Similarly, revising the process by which the appropriate staffing number is determined will emphasize the importance of accurate input data and encourage a revision of the processes by which ATSS personnel’s time is tracked, equipment inventoried, spare parts for the NAS maintained, etc. Process improvements in how maintenance work is performed are expected to be ongoing, with continuous improvements. All of these ancillary activities will also require funding in addition to what has been allocated for the modeling effort.
This report has noted repeatedly the importance of informing ATSS and PASS about the new model and explaining how it was developed, what it takes into account, how it will be implemented, etc. Funds must be available for the staff that creates written informational brochures, designs talking points, delivers this information in an understandable way, and handles the questions that will arise. Because of the importance of communications to the success of a new staffing model, professionals should be engaged to maximize the clarity and persuasiveness of the material.
The FAA is on the right track by aggressively seeking a new and appropriate manpower model. The FAA’s contract with Grant Thornton is commendable (Grant Thornton, 2012), but it can be taken to a better level through deliberate analysis and inclusion of stochastic and performance dimensions in modeling a required workforce, even as the ATSS workforce takes on the challenge of maintaining the NAS in the coming decades. The 2-year process that FAA has already undertaken to assess its current models and data systems and to plan ways to improve its data systems should facilitate model development and implementation.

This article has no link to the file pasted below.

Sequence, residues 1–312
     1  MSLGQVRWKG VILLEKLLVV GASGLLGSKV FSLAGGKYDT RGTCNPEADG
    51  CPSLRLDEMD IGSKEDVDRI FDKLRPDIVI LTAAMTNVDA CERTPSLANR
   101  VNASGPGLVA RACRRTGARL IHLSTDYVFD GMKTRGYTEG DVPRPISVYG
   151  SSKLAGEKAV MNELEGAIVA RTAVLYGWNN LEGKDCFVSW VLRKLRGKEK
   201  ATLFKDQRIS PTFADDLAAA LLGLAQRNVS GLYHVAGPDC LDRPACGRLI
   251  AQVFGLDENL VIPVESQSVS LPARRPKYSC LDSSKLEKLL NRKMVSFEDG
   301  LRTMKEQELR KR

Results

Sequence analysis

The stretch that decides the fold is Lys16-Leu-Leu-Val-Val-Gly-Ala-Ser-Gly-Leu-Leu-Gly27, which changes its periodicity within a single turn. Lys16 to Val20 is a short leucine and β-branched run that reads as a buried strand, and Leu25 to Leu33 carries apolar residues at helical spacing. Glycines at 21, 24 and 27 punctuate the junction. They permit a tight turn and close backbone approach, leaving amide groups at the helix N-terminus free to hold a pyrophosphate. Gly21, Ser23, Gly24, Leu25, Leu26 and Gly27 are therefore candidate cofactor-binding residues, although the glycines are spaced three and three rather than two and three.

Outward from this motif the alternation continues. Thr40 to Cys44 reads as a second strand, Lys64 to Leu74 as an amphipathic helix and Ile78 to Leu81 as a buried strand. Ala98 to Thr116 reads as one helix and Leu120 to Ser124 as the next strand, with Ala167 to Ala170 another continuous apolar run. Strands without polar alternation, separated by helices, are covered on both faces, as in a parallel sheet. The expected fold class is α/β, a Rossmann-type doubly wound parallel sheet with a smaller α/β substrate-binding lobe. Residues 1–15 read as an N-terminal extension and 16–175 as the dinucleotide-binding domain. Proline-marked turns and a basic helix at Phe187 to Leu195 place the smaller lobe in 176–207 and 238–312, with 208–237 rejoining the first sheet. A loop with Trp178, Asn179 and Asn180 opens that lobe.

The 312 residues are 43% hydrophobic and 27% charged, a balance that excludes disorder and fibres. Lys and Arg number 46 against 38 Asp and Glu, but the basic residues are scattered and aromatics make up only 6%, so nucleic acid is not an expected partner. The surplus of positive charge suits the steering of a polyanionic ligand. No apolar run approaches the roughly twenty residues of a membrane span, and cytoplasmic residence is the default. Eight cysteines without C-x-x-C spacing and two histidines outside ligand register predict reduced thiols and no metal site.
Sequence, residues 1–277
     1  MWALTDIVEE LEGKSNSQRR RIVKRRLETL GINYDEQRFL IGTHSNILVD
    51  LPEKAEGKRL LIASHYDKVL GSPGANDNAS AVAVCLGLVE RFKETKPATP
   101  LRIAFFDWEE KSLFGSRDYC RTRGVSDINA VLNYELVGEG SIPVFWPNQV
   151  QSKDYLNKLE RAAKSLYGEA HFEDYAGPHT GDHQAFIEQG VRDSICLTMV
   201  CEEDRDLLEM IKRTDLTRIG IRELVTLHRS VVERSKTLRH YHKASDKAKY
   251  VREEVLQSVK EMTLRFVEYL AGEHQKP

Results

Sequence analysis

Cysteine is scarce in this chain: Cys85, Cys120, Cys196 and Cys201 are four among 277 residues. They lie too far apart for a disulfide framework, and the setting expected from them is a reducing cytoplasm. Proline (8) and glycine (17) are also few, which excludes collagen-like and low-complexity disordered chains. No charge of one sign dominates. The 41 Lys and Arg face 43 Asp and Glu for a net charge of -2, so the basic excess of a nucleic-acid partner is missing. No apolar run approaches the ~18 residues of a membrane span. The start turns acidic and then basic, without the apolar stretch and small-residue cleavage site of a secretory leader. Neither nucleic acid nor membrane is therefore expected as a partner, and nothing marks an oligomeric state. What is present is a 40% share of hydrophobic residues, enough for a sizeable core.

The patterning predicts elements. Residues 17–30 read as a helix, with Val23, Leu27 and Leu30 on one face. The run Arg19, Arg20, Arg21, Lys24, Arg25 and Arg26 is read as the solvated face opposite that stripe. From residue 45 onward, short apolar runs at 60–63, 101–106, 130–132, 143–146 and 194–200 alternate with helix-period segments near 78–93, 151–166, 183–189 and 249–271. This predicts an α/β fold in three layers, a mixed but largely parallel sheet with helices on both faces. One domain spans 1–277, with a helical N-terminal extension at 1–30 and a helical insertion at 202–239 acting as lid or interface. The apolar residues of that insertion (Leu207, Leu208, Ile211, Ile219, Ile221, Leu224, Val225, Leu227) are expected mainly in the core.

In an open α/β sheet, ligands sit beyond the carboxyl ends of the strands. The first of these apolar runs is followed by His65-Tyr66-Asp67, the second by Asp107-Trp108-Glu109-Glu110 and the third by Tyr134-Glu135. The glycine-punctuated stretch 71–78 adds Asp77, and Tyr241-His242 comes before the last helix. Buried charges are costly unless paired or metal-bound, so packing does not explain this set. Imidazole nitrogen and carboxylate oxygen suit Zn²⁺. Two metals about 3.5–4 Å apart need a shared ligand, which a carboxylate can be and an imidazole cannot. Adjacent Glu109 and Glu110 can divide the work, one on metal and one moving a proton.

Ideally, the FAA will institute a rigorous implementation process for the new staffing model and related processes and will embark on the journey of continuous improvement. In the future, the staffing system will be regularly reviewed and improved at the same time as other process improvements that will increase both the efficiency and the safety of the NAS. Implementation of a new staffing model includes a number of tasks, including activities such as acquiring computer equipment to host the model, educating users, and evaluating the model against the criteria for quality multiple times. A robust staffing model is likely to improve the process for allocating staff and contribute to the maintenance of the NAS; however, the implementation and use of that staffing model will require considerable attention and resources from the FAA on an ongoing basis.